Refugee and migrant health
Online invitation to submit best practices, experiences and lessons learned, to contribute to the development of a draft global action plan to promote the health of refugees and migrants
WHO is inviting Member States, institutions, networks, civil society groups, individuals and relevant organizations involved in refugees’ and migrants’ health to provide evidence-based information, best practices, experiences and lessons learned in addressing the health needs of refugees and migrants via an online submission.
WHO trains Syrian doctors and nurses to provide health care in Turkey
19 June 2017 – More than 3 million Syrian refugees are now living in Turkey – the country with the highest number of refugees in the world. A new law now allows Syrian health professionals to enter the health workforce in Turkey. WHO and the Public Health Institution of Turkey created a training for Syrian health workers living Turkey. This programme focuses on integrating Syrian professionals into the health system and ensuring that Syrian refugees can receive health care without encountering language or cultural barriers.
Mental health of refugees and migrants
Being a refugee or a migrant does not, in itself, make individuals significantly more vulnerable to mental disorders, but refugees and migrants can be exposed to various stress factors that influence their mental well-being.
The 70th World Health Assembly endorsed a Resolution on ‘Promoting the health of refugees and migrants’ on Monday 29 May 2017
This new Resolution is an important step towards ensuring health is adequately addressed in the Global Compact for Refugees and the Global Compact for Safe, Regular and Orderly Migration. It symbolizes a move towards responsibility sharing and solidarity between countries, to help those we serve.
ERS-WHO/Europe survey of TB screening practices among refugees reveals need for improved coordination to end TB
Results from a survey by the European Respiratory Society (ERS) and the WHO Regional Office for Europe show great variations among countries in tuberculosis (TB) screening practices among refugees.
Famine and health
Famine has been declared in parts of South Sudan and the food security situation is of grave concern in 6 other countries: Ethiopia, Kenya, Nigeria, Somalia, Uganda, and Yemen. Very high levels of severe acute malnutrition have been reported in the the most affected countries.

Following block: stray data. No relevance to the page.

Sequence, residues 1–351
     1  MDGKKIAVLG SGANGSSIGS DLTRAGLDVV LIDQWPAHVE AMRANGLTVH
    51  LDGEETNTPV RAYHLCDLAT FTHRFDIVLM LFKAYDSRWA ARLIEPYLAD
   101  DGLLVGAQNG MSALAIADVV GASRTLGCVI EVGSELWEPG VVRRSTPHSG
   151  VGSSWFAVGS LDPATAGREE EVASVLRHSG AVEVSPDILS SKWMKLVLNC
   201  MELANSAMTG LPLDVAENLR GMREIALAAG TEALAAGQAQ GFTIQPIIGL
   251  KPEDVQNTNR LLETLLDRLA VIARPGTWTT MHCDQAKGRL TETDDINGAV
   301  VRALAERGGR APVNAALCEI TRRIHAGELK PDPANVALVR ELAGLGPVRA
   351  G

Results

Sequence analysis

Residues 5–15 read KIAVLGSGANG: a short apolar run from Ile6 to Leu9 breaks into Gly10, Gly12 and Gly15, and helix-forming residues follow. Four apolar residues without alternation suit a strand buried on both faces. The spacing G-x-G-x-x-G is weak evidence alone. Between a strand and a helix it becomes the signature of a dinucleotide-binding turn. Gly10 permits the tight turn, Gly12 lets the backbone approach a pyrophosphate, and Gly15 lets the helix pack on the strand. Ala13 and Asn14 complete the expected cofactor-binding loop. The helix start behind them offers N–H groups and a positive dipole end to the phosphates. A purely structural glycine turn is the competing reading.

2nd Global Consultation on Migrant Health: Resetting the agenda
Member States, international organizations, academia, non-governmental organizations and other stakeholders engaged in a meaningful platform for multi-sectoral dialogue and commitment to discuss the health aspects of refugees and migrants, in the 2nd Global Consultation on Migrant Health, on 21 - 23 February 2017, in Colombo, Sri Lanka.
WHO Europe Summer School on Refugee and Migrant Health
WHO/Europe is pleased to announce the 1st Summer School on Refugee and Migrant Health, an intense 5-day course offered under the umbrella of the WHO European Knowledge Hub on Health and Migration. The Summer School will take place in Syracuse, Italy, on 10–14 July 2017, and is organized in collaboration with the Health Initiative of the Americas at the University of California, Berkeley, United States of America.
More people are on the move now than ever before. There are an estimated 1 billion migrants in the world today of whom 250 million are international migrants and 763 million internal migrants – one in seven of the world’s population. 65 million of the world’s internal and international migrants are forcibly displaced today. This rapid increase of population movement has important public health implications, and therefore requires an adequate response from the health sector.
The right of everyone to enjoy the highest attainable standard of physical and mental health is established in the WHO Constitution of 1948. Ratified international human rights standards and conventions exist to protect the rights of migrants and refugees, including their right to health. Nevertheless, many refugees and migrants often lack access to health services and financial protection for health.
Globally, there are an estimated 250 million international migrants, and 763 million internal migrants.
Globally, there are an estimated 65 million people forcibly displaced from their homes.
Developing countries host 86% of the forced displaced population.
The 2030 Sustainable Development Goal Agenda recognizes the positive contributions of refugees and migrants for inclusive growth and sustainable development.
The recent large-scale population movement has posed epidemiological and health system challenges, to which public health and health systems must adjust.
Lack of Universal Health Coverage can lead to excessive costs for refugees and migrants, many of whom pay out of pocket for health services.